Cohn to play Vilar Center at Beaver Creek |

Cohn to play Vilar Center at Beaver Creek

Charlie Owen
Vail, CO, Colorado
Special to the Daily

BEAVER CREEK, Colorado ” Everyone expects Superman to block bullets.

Marc Cohn doesn’t have any super powers, but he blocked a bullet with his head ” and lived to tell about it.

In 2005 he was attacked in his vehicle by a car-jacker while driving to his hotel after playing a show in Denver. The assailant shot Cohn in the head, where the bullet got lodged. It was later removed at a Denver hospital.

Cohn took that experience, as well as other tragedies in his life and the world, and found new direction in his career.

Now the Grammy Award-winning musician is on tour again in support of his first studio album in nine years, “Join the Parade.”

This latest leg of his tour started in Seattle and will lead him to Beaver Creek, but not before a show in Denver, where Cohn hasn’t played since that violent summer night two years ago.

“Obviously that carries a lot of weight emotionally,” Cohn said during a phone interview from his tour bus. “I’m really hoping it’s going to be a little bit of a healing thing, too. I’m certainly more anxious than I would be for a normal gig.”

After his show at the Gothic Theater in Denver, Cohn will play a nearly sold-out show in Beaver Creek at the Vilar Performing Arts Center tonight.

Cohn’s absence from the studio stemmed from his family involvement (he has four kids and a new wife, ABC News journalist Elizabeth Vargas) and he lacked record-worthy material, he said.

“The delay (in recording a new album) was mostly because I just didn’t have a group of songs that I felt strongly about. To me the part of the art form that I’m interested in in the music business is the album. I know with the iPod shuffle and everything else that’s not quite as important anymore, but it’s the only thing as an artist I’m really interested in,” Cohn said.

Oh, and that bullet hasn’t sped things up, either.

“Getting shot in the head set me back a little bit but ultimately it was something that opened up the songwriting channels again,” Cohn said.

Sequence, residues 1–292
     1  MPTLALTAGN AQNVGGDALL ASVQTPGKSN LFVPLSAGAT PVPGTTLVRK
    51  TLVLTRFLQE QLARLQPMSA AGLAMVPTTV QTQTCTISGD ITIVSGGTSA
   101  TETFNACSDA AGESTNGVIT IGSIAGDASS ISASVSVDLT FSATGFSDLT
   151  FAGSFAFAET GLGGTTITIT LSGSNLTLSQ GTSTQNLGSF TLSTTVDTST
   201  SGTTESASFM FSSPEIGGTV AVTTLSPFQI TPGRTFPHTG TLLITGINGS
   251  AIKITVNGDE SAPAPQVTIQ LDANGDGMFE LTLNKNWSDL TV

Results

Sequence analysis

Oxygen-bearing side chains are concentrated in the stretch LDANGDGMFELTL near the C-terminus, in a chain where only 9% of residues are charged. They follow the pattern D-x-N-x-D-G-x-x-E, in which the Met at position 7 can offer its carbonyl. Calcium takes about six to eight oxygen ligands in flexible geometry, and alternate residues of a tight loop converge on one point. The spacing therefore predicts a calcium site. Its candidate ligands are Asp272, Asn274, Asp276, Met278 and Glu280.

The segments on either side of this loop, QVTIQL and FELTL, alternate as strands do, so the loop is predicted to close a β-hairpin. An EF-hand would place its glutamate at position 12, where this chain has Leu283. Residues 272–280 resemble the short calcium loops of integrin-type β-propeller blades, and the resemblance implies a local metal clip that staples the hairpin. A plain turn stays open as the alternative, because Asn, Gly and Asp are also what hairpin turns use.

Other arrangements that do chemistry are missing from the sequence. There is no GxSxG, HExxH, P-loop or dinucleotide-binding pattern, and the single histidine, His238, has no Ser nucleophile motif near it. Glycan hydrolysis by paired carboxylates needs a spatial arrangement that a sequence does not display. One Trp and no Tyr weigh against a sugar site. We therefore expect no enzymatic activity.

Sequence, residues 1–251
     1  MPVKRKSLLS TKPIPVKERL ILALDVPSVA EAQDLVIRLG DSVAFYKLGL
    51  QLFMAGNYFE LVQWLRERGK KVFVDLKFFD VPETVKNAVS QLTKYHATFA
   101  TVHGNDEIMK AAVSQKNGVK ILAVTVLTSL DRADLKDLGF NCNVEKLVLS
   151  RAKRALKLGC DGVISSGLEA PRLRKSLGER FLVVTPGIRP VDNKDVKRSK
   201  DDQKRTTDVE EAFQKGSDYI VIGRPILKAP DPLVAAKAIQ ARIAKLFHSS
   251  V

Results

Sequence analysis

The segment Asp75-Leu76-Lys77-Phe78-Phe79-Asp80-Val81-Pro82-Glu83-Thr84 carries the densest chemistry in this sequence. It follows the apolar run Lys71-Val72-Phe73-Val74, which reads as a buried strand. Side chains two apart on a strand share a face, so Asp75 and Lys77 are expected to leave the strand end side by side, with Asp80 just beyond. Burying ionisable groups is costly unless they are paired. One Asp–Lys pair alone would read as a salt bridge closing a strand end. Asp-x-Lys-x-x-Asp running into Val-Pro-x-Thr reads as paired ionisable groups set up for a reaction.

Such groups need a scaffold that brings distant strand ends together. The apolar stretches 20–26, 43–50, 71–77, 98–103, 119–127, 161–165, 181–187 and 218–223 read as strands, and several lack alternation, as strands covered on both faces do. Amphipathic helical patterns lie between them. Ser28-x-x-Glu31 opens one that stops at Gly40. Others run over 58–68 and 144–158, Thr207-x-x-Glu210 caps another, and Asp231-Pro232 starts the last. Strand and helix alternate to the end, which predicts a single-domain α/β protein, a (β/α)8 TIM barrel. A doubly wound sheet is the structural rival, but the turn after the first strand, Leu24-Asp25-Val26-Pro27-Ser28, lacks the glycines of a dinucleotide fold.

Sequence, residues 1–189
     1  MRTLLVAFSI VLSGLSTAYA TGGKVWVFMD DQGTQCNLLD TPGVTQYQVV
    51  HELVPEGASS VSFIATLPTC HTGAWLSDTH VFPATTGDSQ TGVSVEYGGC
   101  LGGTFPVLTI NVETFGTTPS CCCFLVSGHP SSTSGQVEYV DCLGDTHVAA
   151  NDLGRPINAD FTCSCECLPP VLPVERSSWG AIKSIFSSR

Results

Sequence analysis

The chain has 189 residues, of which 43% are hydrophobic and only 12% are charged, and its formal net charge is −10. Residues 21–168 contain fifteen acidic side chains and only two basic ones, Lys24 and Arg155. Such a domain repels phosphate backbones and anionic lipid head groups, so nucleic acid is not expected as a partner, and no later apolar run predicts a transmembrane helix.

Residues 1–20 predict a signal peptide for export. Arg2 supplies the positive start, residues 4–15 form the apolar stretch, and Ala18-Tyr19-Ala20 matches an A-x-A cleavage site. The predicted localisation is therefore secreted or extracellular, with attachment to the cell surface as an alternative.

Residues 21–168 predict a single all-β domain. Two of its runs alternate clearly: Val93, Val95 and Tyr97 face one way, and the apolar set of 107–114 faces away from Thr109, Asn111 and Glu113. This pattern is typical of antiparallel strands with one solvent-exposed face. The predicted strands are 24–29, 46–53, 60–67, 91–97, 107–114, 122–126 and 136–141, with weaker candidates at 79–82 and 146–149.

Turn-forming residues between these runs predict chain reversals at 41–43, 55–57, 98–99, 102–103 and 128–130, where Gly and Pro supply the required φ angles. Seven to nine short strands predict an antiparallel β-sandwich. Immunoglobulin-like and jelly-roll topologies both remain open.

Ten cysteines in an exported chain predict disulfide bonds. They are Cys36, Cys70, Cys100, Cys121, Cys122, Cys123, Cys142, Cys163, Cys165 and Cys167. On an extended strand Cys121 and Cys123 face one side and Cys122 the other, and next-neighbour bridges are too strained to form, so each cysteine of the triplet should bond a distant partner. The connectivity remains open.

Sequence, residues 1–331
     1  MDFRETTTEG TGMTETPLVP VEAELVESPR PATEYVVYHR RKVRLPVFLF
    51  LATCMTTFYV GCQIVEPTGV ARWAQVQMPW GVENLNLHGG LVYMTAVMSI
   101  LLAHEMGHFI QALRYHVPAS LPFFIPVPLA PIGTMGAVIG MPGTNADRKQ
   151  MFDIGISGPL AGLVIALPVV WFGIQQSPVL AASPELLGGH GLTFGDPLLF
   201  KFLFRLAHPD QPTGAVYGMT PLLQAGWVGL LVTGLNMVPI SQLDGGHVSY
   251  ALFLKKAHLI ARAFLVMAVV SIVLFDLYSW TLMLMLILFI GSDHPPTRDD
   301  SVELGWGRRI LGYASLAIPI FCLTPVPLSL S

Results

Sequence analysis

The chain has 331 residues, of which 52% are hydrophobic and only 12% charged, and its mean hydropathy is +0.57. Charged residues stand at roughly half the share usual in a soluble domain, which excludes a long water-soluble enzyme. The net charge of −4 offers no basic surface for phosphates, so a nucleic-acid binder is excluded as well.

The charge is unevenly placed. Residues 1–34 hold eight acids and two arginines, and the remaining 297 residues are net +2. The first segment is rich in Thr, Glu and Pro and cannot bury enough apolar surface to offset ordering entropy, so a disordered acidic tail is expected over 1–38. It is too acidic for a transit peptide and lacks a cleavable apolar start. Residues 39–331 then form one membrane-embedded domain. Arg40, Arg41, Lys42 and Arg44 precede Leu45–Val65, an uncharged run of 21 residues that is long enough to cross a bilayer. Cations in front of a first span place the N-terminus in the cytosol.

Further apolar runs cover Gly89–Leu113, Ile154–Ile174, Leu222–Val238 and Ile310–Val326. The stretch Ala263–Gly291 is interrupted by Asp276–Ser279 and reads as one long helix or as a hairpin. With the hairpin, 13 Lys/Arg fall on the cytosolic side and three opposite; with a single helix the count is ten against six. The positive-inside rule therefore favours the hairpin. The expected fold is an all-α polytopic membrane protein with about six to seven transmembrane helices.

Whether or not the public absorbs the new album positively is immaterial to Cohn, who said that he believed in the work and knew it needed to be released.

But the wait hasn’t hurt Cohn’s credibility at all. In fact, it might have helped it since “Join the Parade” has been met with mostly positive reviews from fans and critics alike.

“It’s good, it’s mellow. Lyrically it’s very good and musically it’s superior to most albums in this genre. I think it’s definitely better than his last album,” said Tom Robbins, owner of Eagle Valley Music in West Vail.

Even with all of the praise that his new album is getting, there is nothing like seeing him live. At least that’s what Kris Sabel, director of the Vilar Performing Arts Center, has to say about Cohn’s talent. Sabel saw Cohn perform at the Vilar Center just days before the Denver shooting.

“To see him live is a very special thing. I think his CD is great but his performance is really special. He just really draws you in,” Sabel said.

The success of Cohn’s 1991 mega-hit “Walking in Memphis” has led people to assume that’s what he always sounds like. While the song was nominated for a Grammy, it’s also how most people relate to Cohn, whose style of songwriting covers a gambit of meaningful topics and broad melodies, most of which are less radio-friendly than “Memphis.”

One of the best things about seeing Cohn perform live and in an intimate venue such as the Vilar Center is that those who attend the show will get to hear so many other sides of Cohn’s music and not just the Top 40 songs everybody knows, Sabel said.

If that is the case, then the audience is in for a night of musical ups and downs.

The songs on “Join the Parade” were influenced heavily by Hurricane Katrina; Many of the songs on the album deal with the death and destruction that Katrina caused.

Some of the lyrics were pulled from news casts that Cohn was watching on television just after being shot in Denver. But it’s not all sadness and helplessness in Cohn’s music ” many of his songs deal with triumph over adversity and the goodness in humanity.

“It’s not even a matter of being worth the wait,” said Cohn of his new album. “It’s just a piece of work I believe in so I released it.”

If there was ever proof that good can come from tragedy, Cohn has given it to the world with his return to the studio and the road.

High Life writer Charlie Owen can be reached at 748-2939 or

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